City Council Member Cam Gordon (Ward 2) answered questions about his proposed charter amendment in front of the Charter Commission. Photo by Dylan Thomas

City Council Member Cam Gordon (Ward 2) answered questions about his proposed charter amendment in front of the Charter Commission. Photo by Dylan Thomas

Police charter amendment heads to committee

Updated: July 26, 2018 - 1:55 pm

A controversial proposal to give the City Council more direct authority over the Minneapolis Police Department will go before two City Council committees Aug. 1.

After an extended debate over whether to even consider the proposal, council members on July 20 voted 10–2 to keep the proposed charter amendment alive. Drafted by Ward 2 Council Member Cam Gordon, it would remove language from the city charter that gives the mayor “complete power” over the police department, instead dividing that authority between the mayor and the 13-member council.

The change is opposed by Chief Medaria Arradondo and Mayor Jacob Frey, who at a press event several days before the vote warned that the charter amendment would “dilute” accountability for the department, get in the way of swift decision-making and lead to a “ward-by-ward patchwork” of policing strategies. Gordon rejected that characterization, and said constituents eager for reforms are urging their council members to “lean in” and help set department policy.

Although the charter gives the council a role in approving the appointment or removal of the police chief and setting the department’s budget, members don’t have the same policymaking authority that they enjoy with other city departments. Ward 4 City Council Member Phillipe Cunningham said there were very few options for influencing the department “except to make threats with the budget, which goes against my deep respect for Chief Arradondo.”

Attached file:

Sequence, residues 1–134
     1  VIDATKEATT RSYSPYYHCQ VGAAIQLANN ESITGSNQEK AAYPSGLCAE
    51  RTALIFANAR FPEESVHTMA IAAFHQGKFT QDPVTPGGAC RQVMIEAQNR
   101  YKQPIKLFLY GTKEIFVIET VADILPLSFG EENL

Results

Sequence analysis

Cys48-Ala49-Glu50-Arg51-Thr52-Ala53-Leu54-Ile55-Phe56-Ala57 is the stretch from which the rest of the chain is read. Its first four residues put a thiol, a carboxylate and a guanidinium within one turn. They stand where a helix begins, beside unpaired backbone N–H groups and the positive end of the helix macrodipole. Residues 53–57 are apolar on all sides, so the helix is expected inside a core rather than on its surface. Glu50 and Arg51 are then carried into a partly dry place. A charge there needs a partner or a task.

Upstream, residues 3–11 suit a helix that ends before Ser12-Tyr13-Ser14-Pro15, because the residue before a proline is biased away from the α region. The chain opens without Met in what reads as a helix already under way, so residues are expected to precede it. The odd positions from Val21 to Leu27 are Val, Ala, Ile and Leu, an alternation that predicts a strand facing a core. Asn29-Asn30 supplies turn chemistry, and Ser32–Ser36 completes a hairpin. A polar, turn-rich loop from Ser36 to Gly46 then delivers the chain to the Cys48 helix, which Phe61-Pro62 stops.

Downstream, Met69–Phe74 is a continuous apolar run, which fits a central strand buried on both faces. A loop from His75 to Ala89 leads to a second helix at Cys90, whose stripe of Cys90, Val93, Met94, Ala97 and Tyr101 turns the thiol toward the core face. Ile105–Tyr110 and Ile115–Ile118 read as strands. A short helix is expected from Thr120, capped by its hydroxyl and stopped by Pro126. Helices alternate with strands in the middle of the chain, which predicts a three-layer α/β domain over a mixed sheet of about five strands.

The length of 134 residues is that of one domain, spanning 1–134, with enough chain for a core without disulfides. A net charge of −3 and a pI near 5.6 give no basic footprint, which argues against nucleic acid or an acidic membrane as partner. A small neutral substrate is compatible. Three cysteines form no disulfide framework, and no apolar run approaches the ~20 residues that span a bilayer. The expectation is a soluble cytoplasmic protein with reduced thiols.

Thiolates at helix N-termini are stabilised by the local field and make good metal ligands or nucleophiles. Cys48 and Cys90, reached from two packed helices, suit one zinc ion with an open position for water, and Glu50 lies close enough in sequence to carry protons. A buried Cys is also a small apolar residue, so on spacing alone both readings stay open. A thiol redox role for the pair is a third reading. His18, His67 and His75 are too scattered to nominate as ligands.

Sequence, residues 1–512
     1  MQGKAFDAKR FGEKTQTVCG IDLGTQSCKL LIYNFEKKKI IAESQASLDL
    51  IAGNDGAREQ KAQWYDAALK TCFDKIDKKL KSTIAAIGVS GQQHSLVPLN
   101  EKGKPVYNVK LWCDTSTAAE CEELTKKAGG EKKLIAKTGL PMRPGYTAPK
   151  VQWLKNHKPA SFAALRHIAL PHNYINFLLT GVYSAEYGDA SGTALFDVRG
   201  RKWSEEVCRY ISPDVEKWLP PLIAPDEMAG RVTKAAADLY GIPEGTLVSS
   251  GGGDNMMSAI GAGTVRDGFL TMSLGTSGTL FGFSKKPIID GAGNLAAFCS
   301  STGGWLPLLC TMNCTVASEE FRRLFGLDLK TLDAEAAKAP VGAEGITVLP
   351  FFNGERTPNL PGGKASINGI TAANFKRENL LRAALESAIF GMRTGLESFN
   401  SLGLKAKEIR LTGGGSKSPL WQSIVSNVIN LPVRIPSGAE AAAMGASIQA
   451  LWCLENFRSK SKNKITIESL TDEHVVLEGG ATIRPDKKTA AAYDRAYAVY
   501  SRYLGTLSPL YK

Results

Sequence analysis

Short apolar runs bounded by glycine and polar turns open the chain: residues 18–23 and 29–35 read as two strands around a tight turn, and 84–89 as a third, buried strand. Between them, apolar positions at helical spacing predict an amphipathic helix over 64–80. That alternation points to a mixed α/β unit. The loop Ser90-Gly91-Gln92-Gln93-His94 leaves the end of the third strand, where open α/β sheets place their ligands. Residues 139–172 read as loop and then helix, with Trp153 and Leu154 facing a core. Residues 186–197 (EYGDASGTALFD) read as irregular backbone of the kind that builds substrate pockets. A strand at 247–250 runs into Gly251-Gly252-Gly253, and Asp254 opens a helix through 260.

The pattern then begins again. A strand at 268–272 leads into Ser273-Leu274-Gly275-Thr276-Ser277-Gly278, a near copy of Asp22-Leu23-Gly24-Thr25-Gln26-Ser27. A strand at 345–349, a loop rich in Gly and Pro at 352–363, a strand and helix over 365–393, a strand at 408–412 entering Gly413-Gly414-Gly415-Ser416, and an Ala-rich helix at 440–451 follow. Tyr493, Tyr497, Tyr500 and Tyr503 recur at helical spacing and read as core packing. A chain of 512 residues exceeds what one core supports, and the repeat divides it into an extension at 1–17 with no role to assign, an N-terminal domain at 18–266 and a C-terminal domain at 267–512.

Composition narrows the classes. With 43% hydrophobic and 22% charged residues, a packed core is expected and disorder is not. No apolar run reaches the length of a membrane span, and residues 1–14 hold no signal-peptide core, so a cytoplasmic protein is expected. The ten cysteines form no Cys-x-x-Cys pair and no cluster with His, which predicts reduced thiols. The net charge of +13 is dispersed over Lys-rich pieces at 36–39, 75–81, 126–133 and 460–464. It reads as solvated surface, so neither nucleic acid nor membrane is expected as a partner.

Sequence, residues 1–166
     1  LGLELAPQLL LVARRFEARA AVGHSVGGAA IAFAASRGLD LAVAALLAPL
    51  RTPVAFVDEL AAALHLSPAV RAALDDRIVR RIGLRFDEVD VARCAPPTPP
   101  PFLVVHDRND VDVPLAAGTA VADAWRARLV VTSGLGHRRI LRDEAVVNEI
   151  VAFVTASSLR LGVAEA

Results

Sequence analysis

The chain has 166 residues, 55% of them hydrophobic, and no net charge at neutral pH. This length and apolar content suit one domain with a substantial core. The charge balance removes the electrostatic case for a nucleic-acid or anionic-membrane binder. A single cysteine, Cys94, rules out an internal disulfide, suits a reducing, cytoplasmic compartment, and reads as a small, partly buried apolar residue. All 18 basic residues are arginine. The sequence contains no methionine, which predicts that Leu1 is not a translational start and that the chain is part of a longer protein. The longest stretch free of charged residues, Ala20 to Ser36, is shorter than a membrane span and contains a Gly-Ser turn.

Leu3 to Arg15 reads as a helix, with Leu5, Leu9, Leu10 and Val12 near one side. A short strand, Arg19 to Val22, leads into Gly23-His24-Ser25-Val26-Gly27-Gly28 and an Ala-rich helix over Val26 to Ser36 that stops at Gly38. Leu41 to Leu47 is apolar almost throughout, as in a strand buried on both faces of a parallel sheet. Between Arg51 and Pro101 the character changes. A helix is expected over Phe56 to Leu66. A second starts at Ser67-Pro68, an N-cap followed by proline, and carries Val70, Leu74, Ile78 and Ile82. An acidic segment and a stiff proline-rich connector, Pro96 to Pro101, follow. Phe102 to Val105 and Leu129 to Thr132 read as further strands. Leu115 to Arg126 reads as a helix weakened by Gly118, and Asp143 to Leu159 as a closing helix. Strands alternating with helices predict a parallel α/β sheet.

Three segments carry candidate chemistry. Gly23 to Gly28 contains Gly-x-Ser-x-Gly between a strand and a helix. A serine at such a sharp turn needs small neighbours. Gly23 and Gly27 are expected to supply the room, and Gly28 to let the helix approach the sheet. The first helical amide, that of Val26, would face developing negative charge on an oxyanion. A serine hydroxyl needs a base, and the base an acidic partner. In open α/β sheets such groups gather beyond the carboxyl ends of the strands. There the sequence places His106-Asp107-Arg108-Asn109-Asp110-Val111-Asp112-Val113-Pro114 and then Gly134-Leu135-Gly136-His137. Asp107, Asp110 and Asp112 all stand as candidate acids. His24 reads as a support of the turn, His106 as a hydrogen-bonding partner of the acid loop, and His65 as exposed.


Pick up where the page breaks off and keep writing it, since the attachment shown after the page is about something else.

Cunningham said he wasn’t yet convinced the charter amendment was the right approach. But he opposed an effort by Ward 13 City Council Member Linea Palmisano to postpone debate on the proposal indefinitely, saying it was at least worthy of more discussion.

Palmisano said she not only objected to the charter amendment, she was also concerned about the tight timeline for debate. To go before voters in November, it must go through the committee process, be reviewed by the Charter Commission and win approval from a majority of council members no later than Aug. 24.

Voting in favor of forwarding the charter amendment to a joint meeting of the Intergovernmental Relations and Public Safety & Emergency Management committees were council members Gordon, Cunningham, Steve Fletcher, Kevin Reich, Jeremiah Ellison, Abdi Warsame, Alondra Cano, Jeremy Schroeder, Andrew Johnson and Council President Lisa Bender. Voting against were council members Palmisano and Lisa Goodman.